I don’t have a good source of name frequencies in Ireland to quantify this, but being of Irish decent myself and having paid some attention to my own family tree, I can say that these names are indeed extremely common. What’s more, individuals born in the same year are much more likely to share a first name than those born apart because name popularity follows a trend. Some, like [John], Brigid, and Patrick are extremely common and timeless names most likely honoring a family member. Since the individuals share a last name, it is highly likely that they were related somehow, increasing the probability that the name would be shared.

Similar Soldiers

(Submitted by reader Robert Wilson)

I joined the Royal Australian Air force in 1972. During the ’70s recruitment was high, so it was not uncommon to have  flights of 20(ish) trainees graduating each week or so. On my first pay parade (we all got paid in cash after a lengthy line up) we all stood at-ease awaiting our name to be called out.

When the paymaster shouted out our names, family name first, first name last, we would then snap to attention and march forward for our pay.

This is how it went:

“Wilson, Robert”…. two of us stepped forward!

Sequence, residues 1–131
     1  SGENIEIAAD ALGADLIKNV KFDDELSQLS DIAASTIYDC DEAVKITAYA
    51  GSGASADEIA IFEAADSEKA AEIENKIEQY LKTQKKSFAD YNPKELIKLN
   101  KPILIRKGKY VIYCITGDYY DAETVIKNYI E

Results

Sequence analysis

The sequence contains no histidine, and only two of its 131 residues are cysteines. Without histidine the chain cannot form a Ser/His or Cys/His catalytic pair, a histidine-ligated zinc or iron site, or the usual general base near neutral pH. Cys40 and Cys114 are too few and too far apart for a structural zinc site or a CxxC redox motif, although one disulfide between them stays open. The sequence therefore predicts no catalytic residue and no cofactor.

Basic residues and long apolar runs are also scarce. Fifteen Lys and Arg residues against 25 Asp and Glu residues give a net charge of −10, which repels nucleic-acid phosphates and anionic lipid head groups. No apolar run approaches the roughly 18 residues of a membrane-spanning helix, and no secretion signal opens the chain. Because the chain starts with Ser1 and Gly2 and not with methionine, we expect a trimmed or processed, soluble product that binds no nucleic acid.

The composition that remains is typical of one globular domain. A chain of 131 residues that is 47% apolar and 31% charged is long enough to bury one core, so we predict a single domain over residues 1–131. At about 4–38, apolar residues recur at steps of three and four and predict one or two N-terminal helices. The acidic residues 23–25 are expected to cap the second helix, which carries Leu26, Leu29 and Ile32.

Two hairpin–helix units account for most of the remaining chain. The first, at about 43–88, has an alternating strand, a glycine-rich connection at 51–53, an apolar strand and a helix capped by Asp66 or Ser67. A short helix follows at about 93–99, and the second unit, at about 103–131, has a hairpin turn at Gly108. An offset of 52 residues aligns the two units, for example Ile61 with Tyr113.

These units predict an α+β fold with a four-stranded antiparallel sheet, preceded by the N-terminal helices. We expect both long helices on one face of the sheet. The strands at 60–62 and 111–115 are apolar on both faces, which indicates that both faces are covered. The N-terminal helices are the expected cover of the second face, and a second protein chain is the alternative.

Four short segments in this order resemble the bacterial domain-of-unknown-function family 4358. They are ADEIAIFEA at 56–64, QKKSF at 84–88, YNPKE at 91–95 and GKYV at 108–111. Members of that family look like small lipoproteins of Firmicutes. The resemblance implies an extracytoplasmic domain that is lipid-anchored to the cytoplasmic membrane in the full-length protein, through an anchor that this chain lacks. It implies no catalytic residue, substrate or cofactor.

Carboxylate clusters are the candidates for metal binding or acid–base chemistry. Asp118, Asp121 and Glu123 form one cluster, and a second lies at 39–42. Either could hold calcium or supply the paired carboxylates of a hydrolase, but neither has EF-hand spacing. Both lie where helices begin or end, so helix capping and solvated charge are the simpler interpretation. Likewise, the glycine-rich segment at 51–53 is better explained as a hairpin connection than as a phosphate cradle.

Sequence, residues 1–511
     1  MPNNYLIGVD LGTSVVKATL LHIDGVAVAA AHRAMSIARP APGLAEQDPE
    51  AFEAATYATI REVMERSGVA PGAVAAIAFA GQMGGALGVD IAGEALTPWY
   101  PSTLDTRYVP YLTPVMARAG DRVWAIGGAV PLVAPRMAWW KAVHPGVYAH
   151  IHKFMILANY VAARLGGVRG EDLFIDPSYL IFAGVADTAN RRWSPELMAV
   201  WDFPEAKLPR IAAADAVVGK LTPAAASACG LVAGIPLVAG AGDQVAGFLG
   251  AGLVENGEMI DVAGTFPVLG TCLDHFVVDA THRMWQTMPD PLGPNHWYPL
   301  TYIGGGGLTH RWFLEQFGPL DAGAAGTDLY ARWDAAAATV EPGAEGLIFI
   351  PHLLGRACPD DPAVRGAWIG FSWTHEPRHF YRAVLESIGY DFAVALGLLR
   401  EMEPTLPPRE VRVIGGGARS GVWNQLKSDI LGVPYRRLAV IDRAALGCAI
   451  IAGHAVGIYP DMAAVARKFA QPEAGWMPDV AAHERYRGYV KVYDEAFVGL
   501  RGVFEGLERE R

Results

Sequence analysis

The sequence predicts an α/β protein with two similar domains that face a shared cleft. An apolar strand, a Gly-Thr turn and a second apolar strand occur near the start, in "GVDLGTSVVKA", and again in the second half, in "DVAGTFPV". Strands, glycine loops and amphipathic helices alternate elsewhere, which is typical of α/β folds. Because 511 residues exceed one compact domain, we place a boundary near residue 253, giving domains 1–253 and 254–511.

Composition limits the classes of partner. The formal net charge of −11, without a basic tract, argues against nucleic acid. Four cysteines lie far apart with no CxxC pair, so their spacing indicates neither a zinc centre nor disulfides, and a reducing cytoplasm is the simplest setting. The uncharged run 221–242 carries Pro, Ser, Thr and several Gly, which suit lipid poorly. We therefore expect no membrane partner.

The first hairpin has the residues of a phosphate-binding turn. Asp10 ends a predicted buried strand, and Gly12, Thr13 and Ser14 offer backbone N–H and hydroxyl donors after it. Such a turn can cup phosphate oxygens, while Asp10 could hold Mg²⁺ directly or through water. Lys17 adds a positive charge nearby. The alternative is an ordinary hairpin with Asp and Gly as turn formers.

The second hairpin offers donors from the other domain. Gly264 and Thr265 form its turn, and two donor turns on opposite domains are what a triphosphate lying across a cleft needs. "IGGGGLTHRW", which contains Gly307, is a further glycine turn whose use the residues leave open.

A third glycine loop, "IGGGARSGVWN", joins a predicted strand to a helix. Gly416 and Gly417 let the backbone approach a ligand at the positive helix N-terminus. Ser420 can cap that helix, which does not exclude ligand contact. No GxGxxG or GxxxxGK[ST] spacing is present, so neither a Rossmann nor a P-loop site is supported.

No problem thinks the paymaster as he glances down at the pay slip and announces, “Wilson, Robert, William”

The both of us stood firm!

He then read out the 6 digit ID number, and we were separated by less than 100 numbers if memory serves (numbers are issued sequentially which just means we joined about the same time).

So, what are the odd of having identical names, and joining the air force within weeks of each other?

Below are the extended notes provided by Barbara Drescher for use in Skepticality Episode 200. Take a look and leave your comments below.

It’s not easy for me to put numbers on the probability of this happening because name frequencies in Australia were hard to find. However, I did find that the names “Robert” and “William” were as popular there in the 1960s (I assume that the author was between 17 and 25 when he joined) as the were in the U.S., where they took the 5th and 7th spots, respectively. As we’ve seen in past episodes, “Robert” is an enduring name; it was the #1 name for baby boys for decades and has not left the top 100 in more than a century. In the 1960s, “Robert” was the first name in 14,000 boys for every million born and “William” in every 10,000. There is no readily-available source to determine the probability that “William” would be chosen for a middle name, so the first name frequency will have to serve.

The surname name of “Wilson” is also a very common one, but it is difficult to determine just how common it was in Australia at that time. Today, “Wilson” is ranked 5th, occurring in 5,037.98 of every million people. This has probably changed a bit since the 1960s, but it’s our best estimate.
So, 140 of every million boys with the first name of “Robert” will have the last name of “Wilson”, and 1.4 of those will have the middle name “William”. This means that, for every 10 million men this author will meet around his age, 15 will probably share his full name.